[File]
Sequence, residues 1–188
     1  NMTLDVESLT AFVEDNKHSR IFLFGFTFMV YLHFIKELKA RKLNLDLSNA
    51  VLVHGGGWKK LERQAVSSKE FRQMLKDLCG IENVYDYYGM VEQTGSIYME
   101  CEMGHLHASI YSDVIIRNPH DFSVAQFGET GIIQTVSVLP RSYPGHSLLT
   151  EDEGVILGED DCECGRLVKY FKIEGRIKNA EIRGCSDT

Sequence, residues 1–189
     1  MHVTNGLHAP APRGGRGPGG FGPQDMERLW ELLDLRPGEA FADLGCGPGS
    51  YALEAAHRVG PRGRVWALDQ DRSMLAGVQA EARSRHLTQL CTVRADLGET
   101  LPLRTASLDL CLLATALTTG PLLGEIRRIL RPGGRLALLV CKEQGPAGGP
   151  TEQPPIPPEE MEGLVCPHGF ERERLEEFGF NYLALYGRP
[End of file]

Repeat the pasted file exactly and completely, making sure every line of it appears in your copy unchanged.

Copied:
Sequence, residues 1–188
     1  NMTLDVESLT AFVEDNKHSR IFLFGFTFMV YLHFIKELKA RKLNLDLSNA
    51  VLVHGGGWKK LERQAVSSKE FRQMLKDLCG IENVYDYYGM VEQTGSIYME
   101  CEMGHLHASI YSDVIIRNPH DFSVAQFGET GIIQTVSVLP RSYPGHSLLT
   151  EDEGVILGED DCECGRLVKY FKIEGRIKNA EIRGCSDT

Sequence, residues 1–189
     1  MHVTNGLHAP APRGGRGPGG FGPQDMERLW ELLDLRPGEA FADLGCGPGS
    51  YALEAAHRVG PRGRVWALDQ DRSMLAGVQA EARSRHLTQL CTVRADLGET
   101  LPLRTASLDL CLLATALTTG PLLGEIRRIL RPGGRLALLV CKEQGPAGGP
   151  TEQPPIPPEE MEGLVCPHGF ERERLEEFGF NYLALYGRP